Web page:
OKEMAH — In exchange for a chance to talk to the FBI, Kevin Sweat chose to enter a blind guilty plea on Thursday on all three counts of murder against him, sparing the state a lengthy trial.
Sweat, who was set to face trial on Monday, was found guilty of murder Thursday in the 2008 deaths of 11-year-old Skyla Whitaker and 13-year-old Taylor Paschal-Placker and the 2011 killing of Ashley Taylor, 23.
In Okfuskee County District Court on Thursday afternoon, Sweat told Judge Lawrence Parish he wanted to change his plea to a blind guilty plea on all three counts.
Parish read through each of the charges and asked Sweat whether he fully understood that he was giving up his constitutional right to a trial. Sweat told the judge he understood, and he signed a written guilty plea admitting that testimony he gave the OSBI, along with statements by witnesses and evidence collected by the state, proved his guilt.
After the judge found Sweat guilty on all counts, family members of the victims cried quietly in the courtroom. Several hugged prosecutor Maxey Reilly afterward. They handed out purple and green rubber bracelets with the three victims’ names that said “Pray 4 Justice.”
Earlier Thursday, the Tulsa World reported that newly filed court documents allege Sweat’s motive for the 2008 slayings of Skyla and Taylor: He blamed a family member of Taylor’s for selling drugs to his brother, who died of an overdose in 2007.
Sweat’s signed guilty plea explained that he was promised a chance to talk to the FBI, and agents were in court on Thursday waiting to meet with him. There was no discussion or explanation regarding why Sweat wished to speak to FBI agents.
“Whatever his lawyers, Mr. Sweat and the FBI do is up to them,” Parish said.
From his jail cell while awaiting trial, Sweat has been regularly corresponding with an Oklahoma City television reporter, claiming that he has evidence that will lead to federal indictments and help the FBI solve other crimes.
In a blind plea, he is throwing himself on the mercy of the court and accepting whatever sentence the judge gives him. Sweat cannot withdraw the plea and later ask for a trial if he doesn’t like the judge’s sentence.
After the Department of Corrections performs a presentencing investigation, the court will schedule a hearing to allow victims’ impact statements and testimony about mitigating factors before Sweat is formally sentenced.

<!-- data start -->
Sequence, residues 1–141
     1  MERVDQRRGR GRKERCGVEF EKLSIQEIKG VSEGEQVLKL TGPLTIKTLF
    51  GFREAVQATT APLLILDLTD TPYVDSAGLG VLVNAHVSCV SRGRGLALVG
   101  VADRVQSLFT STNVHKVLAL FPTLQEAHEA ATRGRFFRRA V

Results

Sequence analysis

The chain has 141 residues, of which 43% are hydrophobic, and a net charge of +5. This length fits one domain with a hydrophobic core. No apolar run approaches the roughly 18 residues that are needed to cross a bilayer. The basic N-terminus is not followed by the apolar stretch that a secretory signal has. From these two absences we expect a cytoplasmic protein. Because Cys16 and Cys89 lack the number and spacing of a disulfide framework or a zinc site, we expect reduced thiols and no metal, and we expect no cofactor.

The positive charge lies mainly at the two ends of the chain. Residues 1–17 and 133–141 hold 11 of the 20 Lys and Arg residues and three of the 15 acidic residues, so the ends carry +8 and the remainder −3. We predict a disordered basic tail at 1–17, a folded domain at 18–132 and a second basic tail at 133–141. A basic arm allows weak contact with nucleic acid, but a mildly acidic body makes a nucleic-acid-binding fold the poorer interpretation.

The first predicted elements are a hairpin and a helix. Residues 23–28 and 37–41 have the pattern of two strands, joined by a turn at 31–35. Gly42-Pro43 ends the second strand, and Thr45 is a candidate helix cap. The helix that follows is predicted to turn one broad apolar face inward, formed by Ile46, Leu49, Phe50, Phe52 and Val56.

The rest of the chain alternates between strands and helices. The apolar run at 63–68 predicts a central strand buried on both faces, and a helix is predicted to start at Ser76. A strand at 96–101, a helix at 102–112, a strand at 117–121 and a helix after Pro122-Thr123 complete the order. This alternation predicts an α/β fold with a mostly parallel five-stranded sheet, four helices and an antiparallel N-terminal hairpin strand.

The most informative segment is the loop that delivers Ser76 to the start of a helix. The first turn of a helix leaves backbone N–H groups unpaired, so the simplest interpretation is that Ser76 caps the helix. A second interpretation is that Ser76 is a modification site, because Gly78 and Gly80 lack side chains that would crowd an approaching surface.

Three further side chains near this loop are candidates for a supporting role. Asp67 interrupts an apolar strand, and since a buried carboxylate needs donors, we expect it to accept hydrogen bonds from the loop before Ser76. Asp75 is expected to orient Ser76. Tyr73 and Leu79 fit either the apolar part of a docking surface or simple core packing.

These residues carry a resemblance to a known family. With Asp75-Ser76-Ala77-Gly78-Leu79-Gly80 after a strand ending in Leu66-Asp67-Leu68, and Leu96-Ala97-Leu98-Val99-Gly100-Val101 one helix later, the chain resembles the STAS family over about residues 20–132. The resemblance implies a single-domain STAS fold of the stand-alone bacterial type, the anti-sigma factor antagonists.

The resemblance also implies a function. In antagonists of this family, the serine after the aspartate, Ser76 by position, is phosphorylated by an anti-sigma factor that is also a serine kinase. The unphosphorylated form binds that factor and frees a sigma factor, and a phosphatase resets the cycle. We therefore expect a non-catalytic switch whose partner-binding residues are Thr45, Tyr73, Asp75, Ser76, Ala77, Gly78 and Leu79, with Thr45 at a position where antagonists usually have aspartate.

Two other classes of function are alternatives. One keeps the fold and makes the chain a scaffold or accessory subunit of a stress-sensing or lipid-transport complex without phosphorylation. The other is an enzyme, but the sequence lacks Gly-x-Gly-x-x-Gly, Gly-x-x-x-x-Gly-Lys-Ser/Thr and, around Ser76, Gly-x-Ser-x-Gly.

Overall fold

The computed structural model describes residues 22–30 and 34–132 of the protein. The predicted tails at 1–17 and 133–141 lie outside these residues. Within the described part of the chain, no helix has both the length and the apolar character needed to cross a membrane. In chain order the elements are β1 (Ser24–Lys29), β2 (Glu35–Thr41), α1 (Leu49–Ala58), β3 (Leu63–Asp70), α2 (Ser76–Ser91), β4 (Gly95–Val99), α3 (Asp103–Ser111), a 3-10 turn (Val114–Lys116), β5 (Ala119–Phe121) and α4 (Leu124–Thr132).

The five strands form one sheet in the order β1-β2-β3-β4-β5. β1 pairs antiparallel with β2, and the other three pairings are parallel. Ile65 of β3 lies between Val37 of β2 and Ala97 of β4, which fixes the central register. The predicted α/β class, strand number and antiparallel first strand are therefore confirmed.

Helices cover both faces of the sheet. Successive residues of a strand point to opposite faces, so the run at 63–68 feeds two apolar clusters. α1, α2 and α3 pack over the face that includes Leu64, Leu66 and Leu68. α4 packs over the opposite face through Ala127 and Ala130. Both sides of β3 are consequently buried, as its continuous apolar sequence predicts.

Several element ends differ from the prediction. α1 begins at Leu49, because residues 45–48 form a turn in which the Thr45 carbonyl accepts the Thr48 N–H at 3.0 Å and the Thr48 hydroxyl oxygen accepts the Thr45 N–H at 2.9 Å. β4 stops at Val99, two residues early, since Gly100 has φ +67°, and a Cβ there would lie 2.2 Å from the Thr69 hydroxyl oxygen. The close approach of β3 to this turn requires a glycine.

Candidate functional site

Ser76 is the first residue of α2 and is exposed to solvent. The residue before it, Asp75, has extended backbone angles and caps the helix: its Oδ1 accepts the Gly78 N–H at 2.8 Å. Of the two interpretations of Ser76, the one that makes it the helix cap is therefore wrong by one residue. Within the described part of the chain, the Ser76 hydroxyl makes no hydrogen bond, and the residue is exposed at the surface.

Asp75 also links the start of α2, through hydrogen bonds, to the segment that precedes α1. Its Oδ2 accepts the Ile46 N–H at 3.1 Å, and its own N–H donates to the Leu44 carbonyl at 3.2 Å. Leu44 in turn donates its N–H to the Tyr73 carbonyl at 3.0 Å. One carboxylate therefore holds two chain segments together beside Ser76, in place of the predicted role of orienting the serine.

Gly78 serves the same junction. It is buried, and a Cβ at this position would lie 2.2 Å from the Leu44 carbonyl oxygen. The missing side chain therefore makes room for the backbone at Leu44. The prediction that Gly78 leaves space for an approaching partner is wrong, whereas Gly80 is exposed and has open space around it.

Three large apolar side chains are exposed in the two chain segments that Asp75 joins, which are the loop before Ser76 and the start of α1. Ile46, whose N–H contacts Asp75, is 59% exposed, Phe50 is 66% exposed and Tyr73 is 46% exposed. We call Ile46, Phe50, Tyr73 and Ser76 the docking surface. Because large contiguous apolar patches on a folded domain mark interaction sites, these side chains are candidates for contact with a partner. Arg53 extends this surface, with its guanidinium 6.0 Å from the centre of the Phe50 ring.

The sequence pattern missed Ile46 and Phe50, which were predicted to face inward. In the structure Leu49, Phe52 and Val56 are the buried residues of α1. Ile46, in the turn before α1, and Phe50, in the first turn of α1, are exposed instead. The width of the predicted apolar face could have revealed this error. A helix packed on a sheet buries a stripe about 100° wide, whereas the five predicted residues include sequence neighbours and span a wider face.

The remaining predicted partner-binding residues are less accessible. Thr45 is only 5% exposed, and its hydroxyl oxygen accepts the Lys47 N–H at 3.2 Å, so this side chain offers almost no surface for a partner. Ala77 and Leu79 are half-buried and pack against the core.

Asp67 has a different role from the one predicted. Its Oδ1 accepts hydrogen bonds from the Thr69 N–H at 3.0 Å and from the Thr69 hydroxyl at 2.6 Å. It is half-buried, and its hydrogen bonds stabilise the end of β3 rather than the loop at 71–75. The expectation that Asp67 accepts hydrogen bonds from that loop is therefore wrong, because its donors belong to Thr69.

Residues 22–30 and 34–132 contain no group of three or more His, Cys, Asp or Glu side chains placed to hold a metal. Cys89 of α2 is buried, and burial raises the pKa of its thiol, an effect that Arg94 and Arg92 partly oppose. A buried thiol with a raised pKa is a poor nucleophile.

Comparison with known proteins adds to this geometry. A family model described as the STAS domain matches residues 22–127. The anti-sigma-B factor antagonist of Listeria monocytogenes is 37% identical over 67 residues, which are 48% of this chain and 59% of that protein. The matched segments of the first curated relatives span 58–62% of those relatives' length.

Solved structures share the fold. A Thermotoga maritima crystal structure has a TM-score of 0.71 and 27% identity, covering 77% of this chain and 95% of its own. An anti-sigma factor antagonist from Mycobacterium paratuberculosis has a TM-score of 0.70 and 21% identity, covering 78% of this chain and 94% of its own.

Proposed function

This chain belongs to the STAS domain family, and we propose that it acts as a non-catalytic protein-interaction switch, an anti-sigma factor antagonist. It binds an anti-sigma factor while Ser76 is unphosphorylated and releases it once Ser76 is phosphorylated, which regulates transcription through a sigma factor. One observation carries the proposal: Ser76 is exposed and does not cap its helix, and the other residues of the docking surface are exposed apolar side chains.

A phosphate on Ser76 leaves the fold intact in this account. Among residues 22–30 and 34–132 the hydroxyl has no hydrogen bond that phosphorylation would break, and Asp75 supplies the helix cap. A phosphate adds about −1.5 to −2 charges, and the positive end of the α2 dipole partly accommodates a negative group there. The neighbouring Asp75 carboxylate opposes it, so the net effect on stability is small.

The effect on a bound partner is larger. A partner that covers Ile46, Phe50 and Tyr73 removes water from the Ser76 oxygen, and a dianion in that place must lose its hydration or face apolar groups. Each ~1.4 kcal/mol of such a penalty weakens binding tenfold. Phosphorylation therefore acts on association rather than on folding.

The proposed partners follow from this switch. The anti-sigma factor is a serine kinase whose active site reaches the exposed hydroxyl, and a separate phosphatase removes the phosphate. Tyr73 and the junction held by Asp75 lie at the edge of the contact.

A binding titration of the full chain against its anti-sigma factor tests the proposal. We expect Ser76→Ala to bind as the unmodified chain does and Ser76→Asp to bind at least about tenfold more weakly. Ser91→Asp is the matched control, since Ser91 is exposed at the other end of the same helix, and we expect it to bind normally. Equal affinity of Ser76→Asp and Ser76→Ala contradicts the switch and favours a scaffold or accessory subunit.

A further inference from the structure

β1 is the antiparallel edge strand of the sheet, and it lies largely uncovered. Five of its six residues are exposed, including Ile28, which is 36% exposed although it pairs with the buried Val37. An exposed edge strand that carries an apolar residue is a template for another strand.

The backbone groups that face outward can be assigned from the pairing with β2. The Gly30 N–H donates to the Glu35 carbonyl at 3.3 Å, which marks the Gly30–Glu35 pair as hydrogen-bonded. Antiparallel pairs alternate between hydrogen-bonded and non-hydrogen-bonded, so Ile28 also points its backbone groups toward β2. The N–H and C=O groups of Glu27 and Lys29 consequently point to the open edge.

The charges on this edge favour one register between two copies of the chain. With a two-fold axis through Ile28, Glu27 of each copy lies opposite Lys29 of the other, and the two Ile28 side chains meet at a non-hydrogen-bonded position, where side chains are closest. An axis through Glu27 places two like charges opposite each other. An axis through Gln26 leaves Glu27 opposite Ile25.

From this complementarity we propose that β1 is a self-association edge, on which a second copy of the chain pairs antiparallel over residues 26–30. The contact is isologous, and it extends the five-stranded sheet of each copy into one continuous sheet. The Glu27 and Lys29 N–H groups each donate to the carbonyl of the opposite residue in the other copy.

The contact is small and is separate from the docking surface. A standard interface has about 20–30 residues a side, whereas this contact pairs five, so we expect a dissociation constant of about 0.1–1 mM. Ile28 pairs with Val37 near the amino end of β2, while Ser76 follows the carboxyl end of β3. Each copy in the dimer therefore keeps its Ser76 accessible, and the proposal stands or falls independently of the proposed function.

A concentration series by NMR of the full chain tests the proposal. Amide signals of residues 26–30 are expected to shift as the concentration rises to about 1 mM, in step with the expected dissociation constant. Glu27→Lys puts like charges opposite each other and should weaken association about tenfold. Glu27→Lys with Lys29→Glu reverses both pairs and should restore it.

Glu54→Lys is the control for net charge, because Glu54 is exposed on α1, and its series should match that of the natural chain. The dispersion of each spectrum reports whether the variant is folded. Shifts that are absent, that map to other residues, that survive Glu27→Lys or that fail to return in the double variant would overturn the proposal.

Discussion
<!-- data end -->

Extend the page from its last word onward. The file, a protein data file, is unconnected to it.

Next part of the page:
Because he waived his right to a jury trial and has pleaded guilty, the only options for his punishment under Oklahoma law are life in prison with the possibility of parole or life without the possibility of parole.
This week, prosecutors filed an additional list of witnesses, including a former Subway co-worker who was to testify that Kevin Sweat blamed the Placker family for supplying his brother, Brian Sweat, with drugs.
Brian Sweat died of a drug overdose in July 2007 at a Henryetta motel, records show.
The related exhibit list filed by prosecutors mentions that the state had planned to present recordings of phone calls and visits Sweat had with family members while in jail awaiting trial.
The state’s witness list indicated that Christopher Placker, the son of Peter and Vicky Placker, was living in the Weleetka area in 2007 and selling drugs — including methamphetamine — in Henryetta. The court filings allege that Christopher Placker was selling up to $250 worth of drugs per day and was selling them to people associated with Kevin Sweat’s brothers, Brian and Eric Sweat.
Peter Placker is Taylor Pashcal-Placker’s biological grandfather, who raised her as his daughter.
Taylor and Skyla were found gunned down by the side of a county road outside Weleetka on June 8, 2008.
The girls’ murders remained unsolved until after Sweat’s fiancée, Ashley Taylor, went missing, and Sweat reportedly made incriminating statements to her family when confronted about her disappearance.
Her family reported her missing in July 2011 after the couple supposedly had traveled to Louisiana to get married. Sweat initially told investigators he had last seen his fiancée walking down U.S. 75 after the couple argued and she demanded to get out of the car.
An investigator later testified that Sweat told him he cut Ashley Taylor’s throat with a knife he had thrown at her.
Sweat had previously been questioned in the Weleetka girls’ slayings but wasn’t charged in their deaths until investigators linked incriminating statements he allegedly made in video confessions and evidence showing that he owned one of the guns used in their murders.
Sweat reportedly told OSBI investigators that his fiancée had threatened Sweat that if he ever left her, she would tell police that he killed the Weleetka girls.
Michael Taylor, Ashley Taylor’s father, said it was difficult to hear Sweat admit guilt, but it was like “a weight lifting off our shoulders.”
He had banked more than 400 hours of vacation time, planning to attend every day of the trial, which was expected to last at least a month.
“It’s a big relief, knowing that this is going to be over,” he said.
Cary Aspinwall 918-581-8477